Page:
Rethinking The Lotus Bowl at Auction

Laura A. Macaluso | April 5th, 2021

Rethinking The Lotus Bowl at Auction

Citizen Contributions  |  Opinion  |  Arts & Culture  |  COVID-19  |  Arts & Anti-racism

AAPIRally - 4

A sign at a rally against anti-Asian hate on March 25, 2021. Lucy Gellman Photo. 

A small, exquisite porcelain bowl made during the Yongle period of the Ming dynasty in 15th century China was found at a yard sale near New Haven, Connecticut. The identity of the bowl’s Chinese maker is unknown, as is the person who, almost 600 years later, saw the bowl and suspected it was special. Not your everyday yard sale find.

Last month, the bowl—its luminous surface decorated with a mixture of delicate cobalt blue painted designs of lotus and other symbolic flora from the natural world—was auctioned by Sotheby’s for more than $700,000. It surpassed an original estimate of between $300,000 to $500,000 (read Sotheby's entry on the item, including images, here). The bowl was one of the stars of Sotheby's "Asia Week," an annual display and auction of the best objects, called “lots” in auction parlance, from across the rich and deep reservoirs of Asian art history.

According to Regina Krahl, an independent researcher in Chinese art and an authority for Sotheby’s, the development of Yongle porcelain was kept a secret. That, in combination with the expansive ambition of the Emperor to use artworks to demonstrate superiority at home and abroad, elevated the making of porcelain to new levels. Kept under strict control by the imperial court, few of these “lotus bowls” landed in modern museum collections outside of China.

The National Palace Museum in Taipei has two. The National Museum of Tehran has one. In London, the British Museum and the V&A Museum each have one. And then, surprising everyone, an unknown Yongle period bowl appeared in Connecticut yard sale and was purchased for $35. The journey between an imperial Ming Dynasty kiln and a yard sale table near New Haven begs for creative storytelling and exploration, since its object biography may never be truly known.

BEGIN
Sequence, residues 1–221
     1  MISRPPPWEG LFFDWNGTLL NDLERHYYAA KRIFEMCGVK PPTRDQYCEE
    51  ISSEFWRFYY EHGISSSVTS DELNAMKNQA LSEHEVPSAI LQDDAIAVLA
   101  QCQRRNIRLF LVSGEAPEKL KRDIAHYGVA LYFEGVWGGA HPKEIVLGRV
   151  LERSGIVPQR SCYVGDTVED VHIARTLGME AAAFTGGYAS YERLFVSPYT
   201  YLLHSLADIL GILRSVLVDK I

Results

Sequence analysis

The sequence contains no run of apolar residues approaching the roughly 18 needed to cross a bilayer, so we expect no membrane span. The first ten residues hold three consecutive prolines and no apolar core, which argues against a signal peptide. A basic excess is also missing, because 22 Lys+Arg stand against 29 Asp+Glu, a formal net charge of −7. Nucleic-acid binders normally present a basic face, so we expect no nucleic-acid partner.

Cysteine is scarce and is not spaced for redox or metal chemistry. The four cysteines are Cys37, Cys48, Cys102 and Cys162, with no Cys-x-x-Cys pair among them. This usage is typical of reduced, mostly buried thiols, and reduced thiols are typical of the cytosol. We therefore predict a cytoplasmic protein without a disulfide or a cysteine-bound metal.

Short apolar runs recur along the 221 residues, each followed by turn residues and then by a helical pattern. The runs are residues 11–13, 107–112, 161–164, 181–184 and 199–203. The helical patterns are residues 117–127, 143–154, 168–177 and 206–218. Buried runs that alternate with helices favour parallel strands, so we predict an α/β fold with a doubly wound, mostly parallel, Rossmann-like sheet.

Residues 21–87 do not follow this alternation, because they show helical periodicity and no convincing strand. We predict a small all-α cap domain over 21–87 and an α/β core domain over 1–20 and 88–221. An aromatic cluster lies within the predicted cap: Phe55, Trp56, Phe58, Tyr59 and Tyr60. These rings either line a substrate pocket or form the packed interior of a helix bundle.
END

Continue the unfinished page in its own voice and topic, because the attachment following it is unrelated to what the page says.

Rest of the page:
The auction of Lot 130, the lotus bowl, occurred at 10 a.m. on March 17, after a bidding war between four buyers. It seems the economics of the art market have not been adversely affected by the difficulties resulting from the global coronavirus pandemic. While museums and cultural institutions are struggling, individual collectors continue to demonstrate their status and stability—perhaps even financial well-being—through such purchases.

The Connecticut-found Ming Dynasty-created lotus bowl now likely belongs to an individual. Maybe we will see it again in the future. Maybe not. But the story of this bowl will be tied now to the events of the week—a different kind of focus on Asia from what Sotheby’s intended—because the day of the auction wasn’t just any day.

At the same time an inanimate object was elevated to high status through economic and social value, the Eastern culture from which this object and its value was derived was under assault. News of the eight people murdered in Atlanta, Georgia on March 16—six of whom were women of Asian descent—filled the airwaves at the time of the auction. 

An exceptionally violent week here in the United States showcased this country’s ability to elevate what is desirable, and to assault with deadly force what is deemed undesirable.

Just as the media gave much space and effort to sharing the story of the lotus bowl, we need to know more about the story of each individual and each family impacted by this hate-filled crime. The names and ages of each person has been published now, but what of their contributions to their communities and to this country?

As an art historian I appreciate learning about artworks and the societies that produced them, but as an American I know I need to pay more attention to the history of Asian immigration, to the lived experience of Asian Americans in the past and present. I know I need to act in whatever ways possible to support these communities against the racism and hate that has been a large part of their American experience. I’ve been using the free resources provided by organizations such as the National Endowment for the Humanities and the New York Historical Society to learn much more.

Making room for, and elevating all people and histories, will help stem the tide of violence against historically marginalized people. We can understand firsthand that their lives are worth knowing in detail. That they are not valued any less than the lotus bowl found in a yard sale in Connecticut.

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